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Cornish Cross Spring 2019

Discussion in 'Poultry' started by baymule, Apr 18, 2019.

  1. May 20, 2019
    wyoDreamer

    wyoDreamer Almost Self-Reliant

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    Yes, she is composting in the "bad dirt" pile. Which is dirt that my husband has removed from in front of the buildings to add a thick layer of crushed limestone for a driveway. It is "bad dirt" because it has rocks and chipping paint flecks and nails and wood chunks and whatever in it. "Bad Dirt" is for new driveway base and berms - not for gardens.
     
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  2. May 21, 2019
    baymule

    baymule Sustainability Master

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    Bee, we didn’t move the coop today, will move it tomorrow morning. I just threw in more hay. They will mostly be shaded. I’ll spread the poopy hay in the sunny areas. Fertlizer for the pasture I don’t have yet! LOL
     
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  3. May 21, 2019
    Beekissed

    Beekissed Mountain Sage

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    Could be a good way to get pasture! I had spread some hay last year on a large area around the dog runs where the dogs had dug big holes and foot traffic of both dogs and chickens dusting in said holes caused a mess. That hay has since seeded that whole area(most of it in the shade, mind you)to clover....looks like red clover to me.

    The same hay in the garden also sprouted me some fine looking clover, so most of the "weeds" in the garden this year has been clover, which is something I don't mind at all. The ducks are loving it.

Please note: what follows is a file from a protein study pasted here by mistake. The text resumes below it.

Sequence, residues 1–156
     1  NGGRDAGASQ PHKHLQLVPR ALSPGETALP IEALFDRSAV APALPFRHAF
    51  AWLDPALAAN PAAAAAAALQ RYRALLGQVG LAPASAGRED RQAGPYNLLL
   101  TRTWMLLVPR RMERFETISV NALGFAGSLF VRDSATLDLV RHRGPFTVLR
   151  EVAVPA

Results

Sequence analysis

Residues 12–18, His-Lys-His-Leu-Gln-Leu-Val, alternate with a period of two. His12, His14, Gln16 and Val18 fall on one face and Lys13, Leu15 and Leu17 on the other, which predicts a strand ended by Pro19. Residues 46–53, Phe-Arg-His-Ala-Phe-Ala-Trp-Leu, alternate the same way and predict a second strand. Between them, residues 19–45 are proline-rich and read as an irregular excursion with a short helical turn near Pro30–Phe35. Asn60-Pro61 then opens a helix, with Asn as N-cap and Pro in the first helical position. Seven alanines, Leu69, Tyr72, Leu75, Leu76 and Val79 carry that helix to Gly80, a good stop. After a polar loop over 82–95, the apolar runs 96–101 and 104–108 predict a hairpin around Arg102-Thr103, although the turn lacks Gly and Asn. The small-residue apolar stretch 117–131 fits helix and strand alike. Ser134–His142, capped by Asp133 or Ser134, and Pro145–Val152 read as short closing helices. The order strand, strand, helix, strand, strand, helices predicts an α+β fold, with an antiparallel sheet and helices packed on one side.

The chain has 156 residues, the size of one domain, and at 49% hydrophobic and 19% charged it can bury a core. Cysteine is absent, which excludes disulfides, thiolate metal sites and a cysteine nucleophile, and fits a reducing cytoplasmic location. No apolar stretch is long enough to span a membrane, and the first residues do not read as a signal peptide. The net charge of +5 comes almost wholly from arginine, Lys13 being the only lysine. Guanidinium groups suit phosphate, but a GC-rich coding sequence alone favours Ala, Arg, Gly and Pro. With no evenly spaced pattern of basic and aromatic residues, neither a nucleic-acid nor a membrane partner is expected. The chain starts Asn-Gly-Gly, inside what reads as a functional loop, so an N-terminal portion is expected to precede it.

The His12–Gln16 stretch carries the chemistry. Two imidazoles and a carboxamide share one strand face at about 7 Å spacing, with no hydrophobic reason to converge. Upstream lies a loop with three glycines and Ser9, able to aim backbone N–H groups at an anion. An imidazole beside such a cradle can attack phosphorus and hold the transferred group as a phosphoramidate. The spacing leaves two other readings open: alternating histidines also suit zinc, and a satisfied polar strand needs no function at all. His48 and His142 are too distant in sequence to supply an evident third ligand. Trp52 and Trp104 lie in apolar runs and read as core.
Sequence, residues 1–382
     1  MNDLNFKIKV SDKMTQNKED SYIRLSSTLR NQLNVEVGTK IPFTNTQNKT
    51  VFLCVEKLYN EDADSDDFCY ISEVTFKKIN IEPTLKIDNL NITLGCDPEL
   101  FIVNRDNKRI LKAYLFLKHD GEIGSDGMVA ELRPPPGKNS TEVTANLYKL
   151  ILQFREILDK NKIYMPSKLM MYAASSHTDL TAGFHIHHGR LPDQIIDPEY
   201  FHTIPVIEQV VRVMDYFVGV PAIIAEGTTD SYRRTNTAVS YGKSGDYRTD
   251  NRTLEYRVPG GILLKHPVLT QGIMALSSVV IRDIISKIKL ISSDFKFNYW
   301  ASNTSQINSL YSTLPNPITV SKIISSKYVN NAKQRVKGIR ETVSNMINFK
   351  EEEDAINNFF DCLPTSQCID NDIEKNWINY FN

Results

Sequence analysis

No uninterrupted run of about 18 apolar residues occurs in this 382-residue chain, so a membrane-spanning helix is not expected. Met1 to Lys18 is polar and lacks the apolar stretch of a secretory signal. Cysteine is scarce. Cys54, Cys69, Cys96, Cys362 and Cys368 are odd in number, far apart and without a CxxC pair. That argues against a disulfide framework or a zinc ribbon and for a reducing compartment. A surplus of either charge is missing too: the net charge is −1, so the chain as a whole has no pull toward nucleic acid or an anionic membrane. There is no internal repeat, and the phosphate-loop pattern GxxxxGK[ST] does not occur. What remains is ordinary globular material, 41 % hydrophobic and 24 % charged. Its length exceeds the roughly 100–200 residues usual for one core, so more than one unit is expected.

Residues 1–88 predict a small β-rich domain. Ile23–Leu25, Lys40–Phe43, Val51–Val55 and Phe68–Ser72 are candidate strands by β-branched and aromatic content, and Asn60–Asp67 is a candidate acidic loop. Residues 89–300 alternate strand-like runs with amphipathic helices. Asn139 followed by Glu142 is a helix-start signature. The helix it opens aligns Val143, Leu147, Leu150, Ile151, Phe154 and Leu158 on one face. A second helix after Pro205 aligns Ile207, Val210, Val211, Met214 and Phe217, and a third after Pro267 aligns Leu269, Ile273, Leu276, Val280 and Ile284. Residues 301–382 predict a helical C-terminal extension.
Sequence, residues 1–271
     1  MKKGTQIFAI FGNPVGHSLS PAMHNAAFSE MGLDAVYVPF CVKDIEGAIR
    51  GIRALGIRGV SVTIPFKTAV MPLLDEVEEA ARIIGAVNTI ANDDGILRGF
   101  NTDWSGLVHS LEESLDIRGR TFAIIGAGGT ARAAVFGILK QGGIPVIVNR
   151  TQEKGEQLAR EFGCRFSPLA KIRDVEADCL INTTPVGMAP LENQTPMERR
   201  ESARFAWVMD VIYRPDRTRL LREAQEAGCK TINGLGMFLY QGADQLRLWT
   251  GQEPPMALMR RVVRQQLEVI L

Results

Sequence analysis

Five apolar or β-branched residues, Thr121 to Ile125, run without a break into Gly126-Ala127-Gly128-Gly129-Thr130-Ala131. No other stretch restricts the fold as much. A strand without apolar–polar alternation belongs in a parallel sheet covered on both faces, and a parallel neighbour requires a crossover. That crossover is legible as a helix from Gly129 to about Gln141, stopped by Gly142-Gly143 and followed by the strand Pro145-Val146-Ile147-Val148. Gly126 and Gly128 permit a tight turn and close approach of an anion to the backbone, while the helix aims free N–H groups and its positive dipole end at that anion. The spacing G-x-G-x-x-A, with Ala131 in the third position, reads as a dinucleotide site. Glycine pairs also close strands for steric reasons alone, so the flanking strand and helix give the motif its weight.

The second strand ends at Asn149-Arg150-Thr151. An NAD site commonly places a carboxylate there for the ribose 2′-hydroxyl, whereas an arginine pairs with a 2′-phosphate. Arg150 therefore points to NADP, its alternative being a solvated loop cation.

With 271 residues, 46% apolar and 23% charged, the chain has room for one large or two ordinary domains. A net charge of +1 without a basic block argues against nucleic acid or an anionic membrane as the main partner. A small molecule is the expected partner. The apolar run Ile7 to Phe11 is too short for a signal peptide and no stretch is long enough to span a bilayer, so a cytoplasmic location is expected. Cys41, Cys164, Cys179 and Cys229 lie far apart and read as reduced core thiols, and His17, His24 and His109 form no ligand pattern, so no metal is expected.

So, hay plus meatie droppings could really help grow you some good stuff, huh?
     
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  4. May 21, 2019
    baymule

    baymule Sustainability Master

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    Last spring we put the CCX in a very poor pasture. I bedded them with pine straw and spread it over the poor ground. Then we spread dead sheep hay, which was rye grass. That poor ground sprouted clover (planted the year before, it reseeded) and rye grass. The sheep have chewed it down to the dirt. Next I’ll disc it and plant giant Bermuda grass.

    Where we have them this year was a briar patch, it’s bare dirt. I’ll plant it in giant Bermuda, then clovers in the fall.
     
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  5. May 21, 2019
    CrealCritter

    CrealCritter Super Self-Sufficient

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    opossums are tick eating machines
    Screenshot_2019-05-20-23-45-43.png
     
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  6. May 21, 2019
    Beekissed

    Beekissed Mountain Sage

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    They are also chicken and egg eating machines. My chickens are tick eating machines...we've yet to get a tick on us while in their range. Same with the dog.